Amounts in excess of the par value or stated value that have been paid by the public to acquire stock in the company; synonymous with additional paid-in capital.


CARs

Certificates of Automobile Receivables. Pass-through securities backed by automobile receivables.


Cost Plus Estimated Earnings in Excess of Billings

Revenue recognized to date under the percentage-of-completion method in excess of amounts billed. Also known as unbilled accounts
receivable.


Cumulative abnormal return (CAR)

Sum of the differences between the expected return on a stock and the
actual return that comes from the release of news to the market.


Cumulative dividend feature

A requirement that any missed preferred or preference stock dividends be paid
in full before any common dividend payment is made.


Cumulative-Effect Adjustment

The cumulative, after-tax, prior-year effect of a change in accounting
principle. It is reported as a single line item on the income statement in the year of the
change in accounting principle. The cumulative-effect-type adjustment is the most common accounting
treatment afforded changes in accounting principle.


Cumulative Effect of a Change in Accounting Principle

The change in earnings of previous years
based on the assumption that a newly adopted accounting principle had previously been in use.


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Cumulative Effect of Accounting Change

The change in earnings of previous years assuming
that the newly adopted accounting principle had previously been in use.


Cumulative preferred stock

Preferred stock whose dividends accrue, should the issuer not make timely
dividend payments. Related: non-cumulative preferred stock.



Cumulative probability distribution

A function that shows the probability that the random variable will
attain a value less than or equal to each value that the random variable can take on.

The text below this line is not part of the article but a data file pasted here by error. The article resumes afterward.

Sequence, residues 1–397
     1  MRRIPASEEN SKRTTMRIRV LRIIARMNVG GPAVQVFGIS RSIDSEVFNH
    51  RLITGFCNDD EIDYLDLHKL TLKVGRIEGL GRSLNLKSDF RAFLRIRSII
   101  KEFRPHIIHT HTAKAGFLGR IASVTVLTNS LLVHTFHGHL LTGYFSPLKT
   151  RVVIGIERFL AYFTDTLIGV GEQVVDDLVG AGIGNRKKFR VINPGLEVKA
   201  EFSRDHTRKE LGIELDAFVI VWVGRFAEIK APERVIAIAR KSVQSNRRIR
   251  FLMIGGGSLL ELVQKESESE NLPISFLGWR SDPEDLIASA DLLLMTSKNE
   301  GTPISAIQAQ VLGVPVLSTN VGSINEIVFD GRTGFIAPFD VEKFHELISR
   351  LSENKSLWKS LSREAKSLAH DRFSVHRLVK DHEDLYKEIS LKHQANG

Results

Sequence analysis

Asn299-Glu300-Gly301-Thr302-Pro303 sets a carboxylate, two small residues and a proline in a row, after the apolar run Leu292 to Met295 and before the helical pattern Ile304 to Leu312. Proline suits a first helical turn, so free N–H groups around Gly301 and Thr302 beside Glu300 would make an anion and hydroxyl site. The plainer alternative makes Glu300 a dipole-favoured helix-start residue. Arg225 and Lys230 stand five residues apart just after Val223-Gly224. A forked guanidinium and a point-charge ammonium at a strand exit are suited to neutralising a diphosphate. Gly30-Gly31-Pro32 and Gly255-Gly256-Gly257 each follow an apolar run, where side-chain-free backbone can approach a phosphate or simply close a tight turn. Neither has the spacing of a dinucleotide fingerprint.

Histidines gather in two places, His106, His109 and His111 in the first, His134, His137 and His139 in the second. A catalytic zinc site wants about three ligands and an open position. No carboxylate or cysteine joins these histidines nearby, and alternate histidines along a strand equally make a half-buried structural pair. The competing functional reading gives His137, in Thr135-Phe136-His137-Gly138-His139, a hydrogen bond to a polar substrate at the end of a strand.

Cumulative Translation Adjustment (CTA) account

An entry in a translated balance sheet in which gains
and/or losses from translation have been accumulated over a period of years. The CTA account is required
under the FASB No. 52 rule.


Cumulative voting

A system of voting for directors of a corporation in which shareholder's total number of
votes is equal to his number of shares held times the number of candidates.


cumulative voting

Voting system in which all the votes one shareholder is allowed to cast can be cast for one candidate for the board of directors.


Excess Capacity

Unused production capacity.


Excess Demand

A situation in which demand exceeds supply.


Excess reserves

Any excess of actual reserves above required reserves.


Excess Reserves

Reserves of commercial banks in excess of those they are legally required to hold.


Excess return on the market portfolio

The difference between the return on the market portfolio and the
riskless rate.


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Excess Supply

A situation in which supply exceeds demand.



Non-cumulative preferred stock

Preferred stock whose holders must forgo dividend payments when the
company misses a dividend payment.
Related: cumulative preferred stock